The trade promotion entity Pro Ecuador, in collaboration with the Hong Kong firm Yee Fung Hong, is carrying out an intensive promotion activity this year in Tagua, a subtropical tree nut that has been nicknamed "vegetable ivory" for its whiteness and hardness.
The head of the Commercial Office of Ecuador in Shanghai, Diego Vega, explained to Efe today, the tagua, also called corozo, is already used more and more in the world of fashion as an alternative material to the plastic and the bone in the buttons , although they also want to disseminate industrial and craft uses.
An Ecuadorian trade mission participates from 11 to 13 October at the Textile and Accessories Fair of Shanghai for this promotion, which includes advertising videos, exhibitions and meetings with young designers from China and other countries to analyze the use of this material and its possibilities .
"The durability and resistance of the tagua button makes that within the fashion industry is already well known," said Vega, who explained that the researcher Javier Carvajal, from the Catholic University of Ecuador, is studying the possibility of using this material vegetable as polymer base for industrial use.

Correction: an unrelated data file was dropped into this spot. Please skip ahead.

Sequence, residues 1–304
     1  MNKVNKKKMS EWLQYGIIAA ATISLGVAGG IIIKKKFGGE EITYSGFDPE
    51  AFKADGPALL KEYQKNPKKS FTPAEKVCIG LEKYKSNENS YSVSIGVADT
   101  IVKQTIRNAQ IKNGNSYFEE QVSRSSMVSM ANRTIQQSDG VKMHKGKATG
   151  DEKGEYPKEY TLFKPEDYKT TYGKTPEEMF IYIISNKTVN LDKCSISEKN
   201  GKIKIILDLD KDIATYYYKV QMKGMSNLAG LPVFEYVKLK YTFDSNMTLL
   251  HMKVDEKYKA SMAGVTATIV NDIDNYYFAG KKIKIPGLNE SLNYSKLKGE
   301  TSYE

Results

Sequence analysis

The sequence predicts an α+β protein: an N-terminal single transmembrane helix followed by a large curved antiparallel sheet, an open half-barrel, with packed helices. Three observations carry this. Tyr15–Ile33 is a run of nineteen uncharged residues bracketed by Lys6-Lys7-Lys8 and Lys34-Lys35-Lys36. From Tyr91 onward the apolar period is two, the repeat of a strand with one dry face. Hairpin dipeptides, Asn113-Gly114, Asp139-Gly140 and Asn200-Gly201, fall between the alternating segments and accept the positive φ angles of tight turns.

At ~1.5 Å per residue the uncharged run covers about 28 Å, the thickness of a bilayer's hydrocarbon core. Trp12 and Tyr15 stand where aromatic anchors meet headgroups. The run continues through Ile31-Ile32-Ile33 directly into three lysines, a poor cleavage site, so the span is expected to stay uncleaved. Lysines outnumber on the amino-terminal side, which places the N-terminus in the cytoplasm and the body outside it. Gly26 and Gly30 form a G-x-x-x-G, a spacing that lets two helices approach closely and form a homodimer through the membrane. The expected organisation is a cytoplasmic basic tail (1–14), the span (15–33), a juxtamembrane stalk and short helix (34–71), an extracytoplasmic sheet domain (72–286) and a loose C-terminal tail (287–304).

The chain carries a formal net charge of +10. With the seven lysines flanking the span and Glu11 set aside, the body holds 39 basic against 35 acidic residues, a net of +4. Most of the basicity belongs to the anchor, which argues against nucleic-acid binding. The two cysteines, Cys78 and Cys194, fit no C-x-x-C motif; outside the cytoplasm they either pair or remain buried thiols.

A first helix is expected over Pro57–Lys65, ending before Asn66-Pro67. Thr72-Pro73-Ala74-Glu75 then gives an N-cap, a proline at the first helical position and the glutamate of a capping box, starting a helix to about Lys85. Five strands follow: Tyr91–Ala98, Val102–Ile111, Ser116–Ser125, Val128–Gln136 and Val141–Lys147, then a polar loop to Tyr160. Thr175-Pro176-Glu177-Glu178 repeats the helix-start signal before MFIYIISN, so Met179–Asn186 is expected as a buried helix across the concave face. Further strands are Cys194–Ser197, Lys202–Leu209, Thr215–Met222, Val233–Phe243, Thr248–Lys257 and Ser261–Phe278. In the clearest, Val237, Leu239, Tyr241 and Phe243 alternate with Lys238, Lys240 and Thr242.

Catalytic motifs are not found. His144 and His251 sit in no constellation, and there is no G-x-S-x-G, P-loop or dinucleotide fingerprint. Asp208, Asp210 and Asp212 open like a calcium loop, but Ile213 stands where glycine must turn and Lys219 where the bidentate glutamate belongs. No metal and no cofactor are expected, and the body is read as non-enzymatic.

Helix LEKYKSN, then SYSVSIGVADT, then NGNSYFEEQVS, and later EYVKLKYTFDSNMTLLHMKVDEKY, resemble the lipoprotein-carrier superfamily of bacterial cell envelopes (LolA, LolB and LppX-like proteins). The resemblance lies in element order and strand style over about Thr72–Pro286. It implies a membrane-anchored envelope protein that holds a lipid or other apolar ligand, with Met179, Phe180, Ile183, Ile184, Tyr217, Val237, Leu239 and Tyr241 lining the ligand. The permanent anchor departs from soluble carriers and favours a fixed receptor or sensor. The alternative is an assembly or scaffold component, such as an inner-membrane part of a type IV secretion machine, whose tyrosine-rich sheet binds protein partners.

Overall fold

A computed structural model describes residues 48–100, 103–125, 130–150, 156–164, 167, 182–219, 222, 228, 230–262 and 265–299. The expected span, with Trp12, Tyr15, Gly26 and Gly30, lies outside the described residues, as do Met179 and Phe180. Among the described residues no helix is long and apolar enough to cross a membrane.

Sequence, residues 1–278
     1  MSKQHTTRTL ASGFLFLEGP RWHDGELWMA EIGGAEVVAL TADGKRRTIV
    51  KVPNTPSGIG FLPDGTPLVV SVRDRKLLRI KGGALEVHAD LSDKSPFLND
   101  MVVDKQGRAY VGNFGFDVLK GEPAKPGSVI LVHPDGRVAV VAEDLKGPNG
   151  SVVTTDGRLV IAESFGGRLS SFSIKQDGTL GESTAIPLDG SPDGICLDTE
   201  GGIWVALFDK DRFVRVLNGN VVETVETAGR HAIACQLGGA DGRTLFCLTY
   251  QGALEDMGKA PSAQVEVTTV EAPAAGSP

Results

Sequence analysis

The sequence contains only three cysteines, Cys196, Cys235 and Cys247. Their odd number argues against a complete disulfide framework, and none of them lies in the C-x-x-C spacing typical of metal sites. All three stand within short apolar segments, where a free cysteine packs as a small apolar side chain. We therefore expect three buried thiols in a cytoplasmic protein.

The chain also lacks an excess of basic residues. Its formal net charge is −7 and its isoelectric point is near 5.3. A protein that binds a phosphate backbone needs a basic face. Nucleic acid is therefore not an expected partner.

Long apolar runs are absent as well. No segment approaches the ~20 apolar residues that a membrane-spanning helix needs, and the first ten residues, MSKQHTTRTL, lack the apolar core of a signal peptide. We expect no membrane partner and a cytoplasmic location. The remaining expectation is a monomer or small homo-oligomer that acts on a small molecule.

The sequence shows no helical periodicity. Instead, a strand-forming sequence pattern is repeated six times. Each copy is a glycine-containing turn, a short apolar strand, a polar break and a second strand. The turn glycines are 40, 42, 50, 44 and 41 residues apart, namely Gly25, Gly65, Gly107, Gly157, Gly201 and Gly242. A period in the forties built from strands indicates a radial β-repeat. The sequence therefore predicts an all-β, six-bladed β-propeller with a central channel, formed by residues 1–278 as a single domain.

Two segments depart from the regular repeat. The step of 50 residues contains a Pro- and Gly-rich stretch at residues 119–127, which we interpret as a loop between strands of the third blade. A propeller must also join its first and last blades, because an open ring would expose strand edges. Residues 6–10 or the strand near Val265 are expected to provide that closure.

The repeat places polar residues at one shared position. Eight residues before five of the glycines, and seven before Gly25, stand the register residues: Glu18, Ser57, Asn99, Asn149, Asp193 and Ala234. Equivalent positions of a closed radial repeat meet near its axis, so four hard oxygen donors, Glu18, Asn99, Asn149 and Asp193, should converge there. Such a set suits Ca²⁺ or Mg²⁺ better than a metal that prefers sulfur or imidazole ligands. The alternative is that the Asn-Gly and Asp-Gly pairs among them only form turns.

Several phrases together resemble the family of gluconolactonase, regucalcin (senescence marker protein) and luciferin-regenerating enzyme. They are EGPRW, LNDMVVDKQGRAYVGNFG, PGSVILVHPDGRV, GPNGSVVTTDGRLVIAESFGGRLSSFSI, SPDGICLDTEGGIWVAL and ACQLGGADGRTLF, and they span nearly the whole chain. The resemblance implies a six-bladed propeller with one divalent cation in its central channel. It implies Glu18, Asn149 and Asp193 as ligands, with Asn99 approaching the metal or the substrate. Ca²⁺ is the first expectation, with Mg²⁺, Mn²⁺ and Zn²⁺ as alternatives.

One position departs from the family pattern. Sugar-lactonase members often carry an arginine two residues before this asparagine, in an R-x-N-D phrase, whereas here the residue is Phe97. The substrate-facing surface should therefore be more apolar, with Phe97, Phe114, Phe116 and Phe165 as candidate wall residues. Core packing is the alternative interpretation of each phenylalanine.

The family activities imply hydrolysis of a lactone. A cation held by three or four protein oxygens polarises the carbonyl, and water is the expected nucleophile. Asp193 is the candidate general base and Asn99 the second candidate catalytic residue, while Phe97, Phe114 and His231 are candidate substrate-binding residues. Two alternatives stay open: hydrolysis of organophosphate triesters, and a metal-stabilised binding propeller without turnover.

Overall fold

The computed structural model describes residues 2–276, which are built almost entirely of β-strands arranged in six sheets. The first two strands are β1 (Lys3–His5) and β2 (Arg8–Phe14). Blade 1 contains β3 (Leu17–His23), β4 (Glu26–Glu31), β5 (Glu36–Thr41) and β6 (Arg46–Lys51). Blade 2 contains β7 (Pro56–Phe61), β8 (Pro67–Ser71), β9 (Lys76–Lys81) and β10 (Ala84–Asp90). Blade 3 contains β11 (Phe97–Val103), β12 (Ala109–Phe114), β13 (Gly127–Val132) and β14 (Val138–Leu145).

In Ecuador, tagua is also used as a substitute for ivory in the production of handicrafts, something that could be of interest to a country like China, where the demand for elephant tusks encouraged cross-border illegal trade for years.
Due to its use in the textile industry, Ecuador already exports tagua to markets such as Hong Kong (1.2 million dollars), Turkey (927,000 dollars), China (525,000 dollars) and to a lesser extent to Spain and Italy, although in the Chinese case the 35% tariff that applies to this product slows sales somewhat.
"We hope that during the visit of Chinese President Xi Jinping to Ecuador, in November, a tariff reduction can be negotiated," Vega told Efe.
The promotion of the tagua seeks environmental benefits that do not remain only in its possible use as a substitute for ivory, but also in the fact that it is trying to stop the cutting of its trees in coastal areas of Ecuador, where sometimes the forested areas they give way to banana crops or palms for oil.
"We want to stop deforestation, since it is a product of the area of Manabí, where the earthquake occurred this year, and give it a value because it is a product 100% biodegradable, resistant and that supports the environment," stressed the chief commercial. EFE